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Wit and Wisdom of Gateway Church Athens GA

As we begin our new church life … so too a new blog!

I want to give you the outline of the book.  There are 11 very interesting chapters.  I plan on following the order of the chapters, but I will supplement many of the ideas in the chapters with other author’s material.  Authors such as CS Lewis, Brady Boyd, Joni Ericson Tada and many others have a lot to say on the subject of suffering and I want to get every one’s perspective.

The 11 chapter headings are:

1.    Tragic Choices: Determining the origins of Evil and Suffering
2.    What’s wrong? I am: Accepting the reality of inherited sin
3.    Alternative Answers: Examining Explanations for Evil and Suffering
4.    A Clash of Worldviews: Investigating relativism, atheism, and the "problem" of goodness
5.    The Great Drama: Reviewing the roles of evil and suffering in Christ’s redemptive work
6.    Why so much evil?: Questioning why God allows Evil and delay’s justice
7.    God’s control and our freedom: Discovering how God rules despite our choices
8.    Are we promised prosperity?: recovering a Biblical view of health and wealth
9.    The World we long for: Exploring God’s eternal solution to evil and suffering
10.    Wanting more clarity: wrestling with the reasons for our suffering
11.    What we can do: Finding perspective in our suffering
   
Today we start on chapter 1, "Tragic Choices".

The book begins with a story we are all familiar with.  Somebody’s child is killed in a car accident.  The father (who is a pastor) rants and raves at God asking the understandable question: “Why?”  Then he makes a statement I found insightful.  He states:
    “In the silence I began to hear the voice of God … then, without any announcement, when I became silent, God spoke to my soul.  He had an answer for each of my three questions.”

When it comes to asking why, I think I must move to the head of the line.  Why is my middle name!  In one of our recent adult classes, the teacher mentioned that she had asked God this question: “Where were you when the sexual abuse was going on?”  I asked God the same question.  Where were you?  I found what the pastor said was true.  When I became silent, God gave me some very specific answers to my question.

When it comes to suffering and all of the associated pain and grief that goes with it, it’s ok to ask questions.  I think this pastor’s brief testimony brings out some excellent points we should remember.

1.    You have to cultivate the ability to hear God.
2.    It’s ok to ask questions.  God will answer you, He wants to communicate with you.
3.    It is hard to hear God in the middle of a storm.

Elijah is a good example of hearing God.

1 Kin 19:11-13 NASB ¶ So He said, "Go forth and stand on the mountain before the LORD." And behold, the LORD was passing by! And a great and strong wind was rending the mountains and breaking in pieces the rocks before the LORD; {but} the LORD {was} not in the wind. And after the wind an earthquake, {but} the LORD {was} not in the earthquake. After the earthquake a fire, {but} the LORD {was} not in the fire; and after the fire a sound of a gentle blowing. When Elijah heard {it,} he wrapped his face in his mantle and went out and stood in the entrance of the cave. And behold, a voice {came} to him and said, "What are you doing here, Elijah?"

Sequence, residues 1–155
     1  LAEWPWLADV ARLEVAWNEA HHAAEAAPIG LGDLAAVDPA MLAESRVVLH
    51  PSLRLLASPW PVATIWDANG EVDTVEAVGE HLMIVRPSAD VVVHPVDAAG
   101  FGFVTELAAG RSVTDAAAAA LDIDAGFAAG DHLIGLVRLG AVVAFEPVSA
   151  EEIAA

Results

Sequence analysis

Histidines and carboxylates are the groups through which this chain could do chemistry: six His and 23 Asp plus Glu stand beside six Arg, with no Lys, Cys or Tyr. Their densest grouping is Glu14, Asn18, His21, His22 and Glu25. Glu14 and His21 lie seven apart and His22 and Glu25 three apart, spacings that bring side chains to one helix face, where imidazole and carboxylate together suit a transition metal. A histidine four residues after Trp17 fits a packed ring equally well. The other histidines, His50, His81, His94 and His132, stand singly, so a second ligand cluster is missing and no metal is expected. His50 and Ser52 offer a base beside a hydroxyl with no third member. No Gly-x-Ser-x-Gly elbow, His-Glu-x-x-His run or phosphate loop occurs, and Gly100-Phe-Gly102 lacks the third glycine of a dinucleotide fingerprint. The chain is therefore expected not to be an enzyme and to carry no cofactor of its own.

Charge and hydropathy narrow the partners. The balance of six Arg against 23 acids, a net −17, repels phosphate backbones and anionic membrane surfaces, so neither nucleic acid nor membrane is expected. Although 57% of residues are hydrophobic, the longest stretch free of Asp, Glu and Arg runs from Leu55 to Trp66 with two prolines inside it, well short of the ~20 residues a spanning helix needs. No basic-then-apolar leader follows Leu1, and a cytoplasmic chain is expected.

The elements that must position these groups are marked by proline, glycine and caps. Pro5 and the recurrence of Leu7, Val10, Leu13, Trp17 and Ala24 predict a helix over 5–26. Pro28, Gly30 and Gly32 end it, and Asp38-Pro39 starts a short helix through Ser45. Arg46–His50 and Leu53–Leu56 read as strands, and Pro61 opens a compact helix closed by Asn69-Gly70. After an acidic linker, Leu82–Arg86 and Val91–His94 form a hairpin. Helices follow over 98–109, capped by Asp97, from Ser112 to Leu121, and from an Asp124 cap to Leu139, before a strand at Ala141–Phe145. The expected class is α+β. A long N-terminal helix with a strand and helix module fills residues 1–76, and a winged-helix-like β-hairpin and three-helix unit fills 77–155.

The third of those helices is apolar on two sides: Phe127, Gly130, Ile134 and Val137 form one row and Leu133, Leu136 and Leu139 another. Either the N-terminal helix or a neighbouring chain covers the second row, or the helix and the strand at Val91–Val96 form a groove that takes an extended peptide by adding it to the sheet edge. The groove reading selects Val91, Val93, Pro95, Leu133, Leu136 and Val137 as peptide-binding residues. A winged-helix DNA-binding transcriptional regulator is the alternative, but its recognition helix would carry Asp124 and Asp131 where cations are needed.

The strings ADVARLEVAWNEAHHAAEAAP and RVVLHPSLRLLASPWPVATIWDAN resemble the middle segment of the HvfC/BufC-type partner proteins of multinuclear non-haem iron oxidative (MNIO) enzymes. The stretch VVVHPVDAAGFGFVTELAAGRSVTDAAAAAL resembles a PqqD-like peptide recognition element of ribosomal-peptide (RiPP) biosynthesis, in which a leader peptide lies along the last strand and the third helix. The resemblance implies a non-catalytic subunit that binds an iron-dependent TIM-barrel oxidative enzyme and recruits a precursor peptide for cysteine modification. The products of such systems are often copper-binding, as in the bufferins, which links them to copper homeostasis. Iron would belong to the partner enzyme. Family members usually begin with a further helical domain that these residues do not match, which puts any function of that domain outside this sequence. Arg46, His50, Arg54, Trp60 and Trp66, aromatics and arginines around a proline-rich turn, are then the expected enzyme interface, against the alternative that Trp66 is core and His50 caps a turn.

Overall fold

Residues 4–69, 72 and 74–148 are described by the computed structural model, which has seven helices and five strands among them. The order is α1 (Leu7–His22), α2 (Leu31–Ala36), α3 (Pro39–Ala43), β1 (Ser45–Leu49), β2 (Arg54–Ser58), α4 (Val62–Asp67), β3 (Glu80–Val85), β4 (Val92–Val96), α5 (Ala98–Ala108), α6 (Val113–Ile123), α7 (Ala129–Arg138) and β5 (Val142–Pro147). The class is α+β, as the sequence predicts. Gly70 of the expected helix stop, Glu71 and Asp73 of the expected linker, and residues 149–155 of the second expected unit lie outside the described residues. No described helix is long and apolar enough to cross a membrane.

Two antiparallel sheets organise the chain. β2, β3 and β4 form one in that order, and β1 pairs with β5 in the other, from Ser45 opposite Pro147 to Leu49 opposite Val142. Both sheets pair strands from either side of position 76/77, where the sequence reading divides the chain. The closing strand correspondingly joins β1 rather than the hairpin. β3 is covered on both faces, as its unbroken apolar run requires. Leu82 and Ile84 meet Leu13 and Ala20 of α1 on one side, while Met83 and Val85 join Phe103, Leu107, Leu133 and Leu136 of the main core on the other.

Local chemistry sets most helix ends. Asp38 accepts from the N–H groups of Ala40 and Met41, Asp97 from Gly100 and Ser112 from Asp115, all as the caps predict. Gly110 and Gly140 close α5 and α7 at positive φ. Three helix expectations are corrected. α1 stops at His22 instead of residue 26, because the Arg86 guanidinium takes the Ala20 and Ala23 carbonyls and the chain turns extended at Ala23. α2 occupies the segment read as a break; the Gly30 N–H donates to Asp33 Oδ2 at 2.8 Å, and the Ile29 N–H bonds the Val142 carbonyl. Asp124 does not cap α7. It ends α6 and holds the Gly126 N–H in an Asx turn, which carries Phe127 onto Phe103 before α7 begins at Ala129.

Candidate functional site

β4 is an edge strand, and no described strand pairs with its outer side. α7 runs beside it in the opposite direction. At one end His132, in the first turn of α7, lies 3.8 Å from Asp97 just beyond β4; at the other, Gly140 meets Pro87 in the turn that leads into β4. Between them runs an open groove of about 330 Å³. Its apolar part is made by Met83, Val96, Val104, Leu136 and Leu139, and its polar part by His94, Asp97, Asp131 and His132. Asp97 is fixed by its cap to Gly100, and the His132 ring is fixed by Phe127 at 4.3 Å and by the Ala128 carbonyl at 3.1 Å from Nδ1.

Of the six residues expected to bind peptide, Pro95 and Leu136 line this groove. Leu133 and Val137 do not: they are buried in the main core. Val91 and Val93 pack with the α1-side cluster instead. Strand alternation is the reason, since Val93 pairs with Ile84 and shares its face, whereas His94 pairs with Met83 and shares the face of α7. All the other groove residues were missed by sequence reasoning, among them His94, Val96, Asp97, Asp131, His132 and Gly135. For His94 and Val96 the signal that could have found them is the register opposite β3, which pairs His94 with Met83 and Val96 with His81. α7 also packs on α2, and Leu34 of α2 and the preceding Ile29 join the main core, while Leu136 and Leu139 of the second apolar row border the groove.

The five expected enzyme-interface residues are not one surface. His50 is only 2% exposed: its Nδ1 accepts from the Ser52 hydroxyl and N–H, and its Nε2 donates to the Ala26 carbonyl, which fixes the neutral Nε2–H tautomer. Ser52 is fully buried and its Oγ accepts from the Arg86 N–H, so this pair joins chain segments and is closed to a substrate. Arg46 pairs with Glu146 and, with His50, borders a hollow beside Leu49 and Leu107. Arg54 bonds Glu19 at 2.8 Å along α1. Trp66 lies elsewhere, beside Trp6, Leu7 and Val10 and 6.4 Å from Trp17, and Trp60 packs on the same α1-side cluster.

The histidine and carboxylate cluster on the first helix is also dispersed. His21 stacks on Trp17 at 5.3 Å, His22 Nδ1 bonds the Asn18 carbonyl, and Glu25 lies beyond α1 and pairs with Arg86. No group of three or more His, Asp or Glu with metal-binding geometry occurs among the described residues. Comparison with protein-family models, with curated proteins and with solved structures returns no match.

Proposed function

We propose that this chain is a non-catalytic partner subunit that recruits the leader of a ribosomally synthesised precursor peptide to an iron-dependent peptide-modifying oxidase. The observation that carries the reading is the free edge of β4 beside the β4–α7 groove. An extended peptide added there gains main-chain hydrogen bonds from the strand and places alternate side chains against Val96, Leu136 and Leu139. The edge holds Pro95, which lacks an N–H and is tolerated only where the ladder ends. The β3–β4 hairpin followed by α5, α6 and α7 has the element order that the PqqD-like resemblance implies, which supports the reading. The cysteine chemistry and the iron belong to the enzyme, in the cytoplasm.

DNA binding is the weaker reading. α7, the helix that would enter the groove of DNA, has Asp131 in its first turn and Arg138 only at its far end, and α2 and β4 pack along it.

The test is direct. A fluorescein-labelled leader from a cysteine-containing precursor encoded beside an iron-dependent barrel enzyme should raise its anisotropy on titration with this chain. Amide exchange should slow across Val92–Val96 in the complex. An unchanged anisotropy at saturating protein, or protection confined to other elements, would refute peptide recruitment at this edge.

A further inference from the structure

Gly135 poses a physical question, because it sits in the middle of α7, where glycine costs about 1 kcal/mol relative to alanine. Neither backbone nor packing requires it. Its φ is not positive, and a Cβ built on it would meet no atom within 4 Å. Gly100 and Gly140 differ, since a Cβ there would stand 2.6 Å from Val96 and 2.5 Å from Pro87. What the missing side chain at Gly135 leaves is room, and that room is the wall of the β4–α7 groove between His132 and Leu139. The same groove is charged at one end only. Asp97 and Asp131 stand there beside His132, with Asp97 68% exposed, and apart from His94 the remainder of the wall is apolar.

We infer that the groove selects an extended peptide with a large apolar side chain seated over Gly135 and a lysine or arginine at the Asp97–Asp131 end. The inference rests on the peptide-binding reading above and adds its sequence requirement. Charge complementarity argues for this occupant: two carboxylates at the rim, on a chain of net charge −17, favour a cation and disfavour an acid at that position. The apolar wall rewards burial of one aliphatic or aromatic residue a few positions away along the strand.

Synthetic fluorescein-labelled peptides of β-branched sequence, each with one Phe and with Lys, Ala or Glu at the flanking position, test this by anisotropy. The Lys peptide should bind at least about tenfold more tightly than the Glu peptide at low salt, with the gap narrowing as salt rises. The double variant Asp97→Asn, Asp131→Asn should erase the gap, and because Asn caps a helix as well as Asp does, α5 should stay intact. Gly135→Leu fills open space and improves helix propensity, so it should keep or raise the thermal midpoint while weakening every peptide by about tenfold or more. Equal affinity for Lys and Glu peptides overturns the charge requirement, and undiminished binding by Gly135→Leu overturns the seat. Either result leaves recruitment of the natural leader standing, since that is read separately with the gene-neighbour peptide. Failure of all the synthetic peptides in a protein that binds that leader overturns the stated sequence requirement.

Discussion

I think this speaks of God’s presence in the middle of the storms we face.  With all of the noise and tumult we experience when we are in a storm, we must remember to listen for the small voice, the quiet voice.  That is the voice we want to follow.

Jesus spoke of hearing God’s voice:

John 10:3-5 NASB "To him the doorkeeper opens, and the sheep hear his voice, and he calls his own sheep by name and leads them out. "When he puts forth all his own, he goes ahead of them, and the sheep follow him because they know his voice. "A stranger they simply will not follow, but will flee from him, because they do not know the voice of strangers."

Hearing from God has two immediate benefits that I can see.

1.    You can hear him concerning comfort.  When you are in the middle of a muddle, you need comfort.  That’s the Holy Spirit’s job description.
2.    You can hear him for directions.  Obviously, when you are in serious difficult situations you need to have guidance and understanding of how to proceed.  Again, this is what the Holy Spirit does, provide guidance as well as comfort.

John 16:13-14 "But when He, the Spirit of truth, comes, He will guide you into all the truth; for He will not speak on His own initiative, but whatever He hears, He will speak; and He will disclose to you what is to come. "He will glorify Me, for He will take of Mine and will disclose {it} to you.

As I write this, I learned one of my favorite athletic personalities just revealed she has the onset of Alzheimer’s disease.  Pat Summitt has been a model of leadership in the world of women’s athletics.  She is a fine Christian woman and a strong leader.  I am sure she would agree she find’s herself in a difficult situation.  She probably was caught off guard by this.  Yet her response is indicative of her strong faith.  I pray for her and hope you will too.  This statement from the Tennessee athletic department speaks for the impact of Pat Summit’s life:

For Pat to stand-up and share her health news is just a continuing example of her courage. Life is an unknown and none of us have a crystal ball. But I do have a record of knowing what Pat Summitt stands for; excellence, strength, honesty and courage.

He is right when he says life is an unknown.  This fact alone is why it is important for us to prepare for life’s unknown elements as much as we can by studying God’s word and developing an intimate relationship with Him.

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